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Effects of Intramuscular Epinephrine on Cardiovascular Parameters during IgE-Mediated Allergic Reactions to Peanut
Saturday, March 5, 2016
South Exhibit Hall H (Convention Center)
Monica Ruiz-Garcia, MD, Carl Hayward, MD PhD, Alistair Tang, BSc, Andrew Clark, MRCPCH MD, Isabel J. Skypala, PhD RD, Stephen R. Durham, MA MD FRCP, Alexander R Lyon, PhD FRCP, Robert J. Boyle, MBChB PhD, Paul J. Turner, FRACP PhD

Rationale: Intramuscular (IM) epinephrine (adrenaline) is the treatment of choice for anaphylaxis but little data exists on the cardiovascular effects of IM epinephrine during anaphylaxis, as such episodes typically occur outside a medical facility.

Methods: Seven peanut-allergic adults who experienced anaphylaxis (and received IM epinephrine) during double-blind, placebo-controlled food challenges to peanut (as part of the TRACE Peanut Study) were evaluated using continuous 12-lead ECG and non-invasive haemodynamic monitoring. Heart rate (HR), stroke volume (SV), systolic and diastolic blood pressure (sBP, dBP), cardiac output (CO), total peripheral resistance (TPR), PR, QRS and QTc intervals were measured. Skin blood flow was measured using laser Doppler.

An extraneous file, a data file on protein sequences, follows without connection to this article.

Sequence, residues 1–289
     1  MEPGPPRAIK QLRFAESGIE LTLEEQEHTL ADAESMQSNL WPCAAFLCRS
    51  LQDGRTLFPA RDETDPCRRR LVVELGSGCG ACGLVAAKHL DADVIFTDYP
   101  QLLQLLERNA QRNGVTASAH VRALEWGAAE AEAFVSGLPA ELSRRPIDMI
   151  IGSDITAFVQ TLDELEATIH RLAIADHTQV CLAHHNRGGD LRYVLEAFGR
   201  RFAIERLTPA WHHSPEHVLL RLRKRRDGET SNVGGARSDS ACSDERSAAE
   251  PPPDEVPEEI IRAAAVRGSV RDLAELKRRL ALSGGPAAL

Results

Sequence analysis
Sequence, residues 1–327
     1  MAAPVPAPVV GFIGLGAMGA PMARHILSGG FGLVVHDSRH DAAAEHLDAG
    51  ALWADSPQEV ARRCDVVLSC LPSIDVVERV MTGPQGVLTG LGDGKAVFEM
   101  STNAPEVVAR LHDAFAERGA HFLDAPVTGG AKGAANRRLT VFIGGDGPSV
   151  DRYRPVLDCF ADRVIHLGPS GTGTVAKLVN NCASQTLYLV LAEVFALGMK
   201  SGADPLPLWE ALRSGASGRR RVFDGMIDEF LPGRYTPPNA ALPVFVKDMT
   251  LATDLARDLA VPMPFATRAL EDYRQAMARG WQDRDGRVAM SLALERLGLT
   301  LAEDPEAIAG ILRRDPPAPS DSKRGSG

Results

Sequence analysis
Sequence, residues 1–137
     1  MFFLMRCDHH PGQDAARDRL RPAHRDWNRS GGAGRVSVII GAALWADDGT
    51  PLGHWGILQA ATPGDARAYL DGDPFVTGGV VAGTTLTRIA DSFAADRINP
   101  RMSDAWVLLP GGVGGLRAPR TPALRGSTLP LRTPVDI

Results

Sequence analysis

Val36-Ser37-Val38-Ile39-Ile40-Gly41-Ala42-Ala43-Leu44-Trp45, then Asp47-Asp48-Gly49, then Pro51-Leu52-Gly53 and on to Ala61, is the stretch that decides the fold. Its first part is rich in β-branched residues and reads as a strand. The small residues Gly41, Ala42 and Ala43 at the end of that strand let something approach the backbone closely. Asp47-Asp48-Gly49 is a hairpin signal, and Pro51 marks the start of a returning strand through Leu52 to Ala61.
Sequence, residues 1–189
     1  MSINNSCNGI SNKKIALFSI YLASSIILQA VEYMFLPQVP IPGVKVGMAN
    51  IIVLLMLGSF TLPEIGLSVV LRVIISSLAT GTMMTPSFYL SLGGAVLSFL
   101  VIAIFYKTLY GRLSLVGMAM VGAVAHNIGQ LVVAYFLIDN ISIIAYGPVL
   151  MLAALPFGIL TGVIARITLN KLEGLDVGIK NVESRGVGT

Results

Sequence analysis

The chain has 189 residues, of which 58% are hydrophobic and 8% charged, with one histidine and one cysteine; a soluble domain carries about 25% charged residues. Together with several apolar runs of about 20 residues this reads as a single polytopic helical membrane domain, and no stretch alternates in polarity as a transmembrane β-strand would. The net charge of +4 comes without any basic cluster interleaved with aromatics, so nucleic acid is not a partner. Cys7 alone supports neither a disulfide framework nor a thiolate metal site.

Results: Administration of 0.5mg epinephrine IM resulted in a significant improvement in symptoms, but did not result in consistent and clinically relevant effects on measures of cardiovascular physiology or ECG between individuals. There was a small increase in HR (median 4.4 bpm, P=0.03) and QTc interval (14.8ms, 4-22.9ms, P=0.02) but the clinical relevance is unclear. No significant changes were found for the other parameters studied. No participant required a second dose of epinephrine.

Conclusions: These preliminary data suggest a limited and inconsistent effect of a single dose of IM epinephrine on cardiovascular measurements during food-triggered anaphylaxis. The data are limited by the small sample size and nature of the reactions experienced, with no participant having refractory anaphylaxis. Further work is needed to identify determinants of a prompt physiological response to epinephrine during allergic reactions.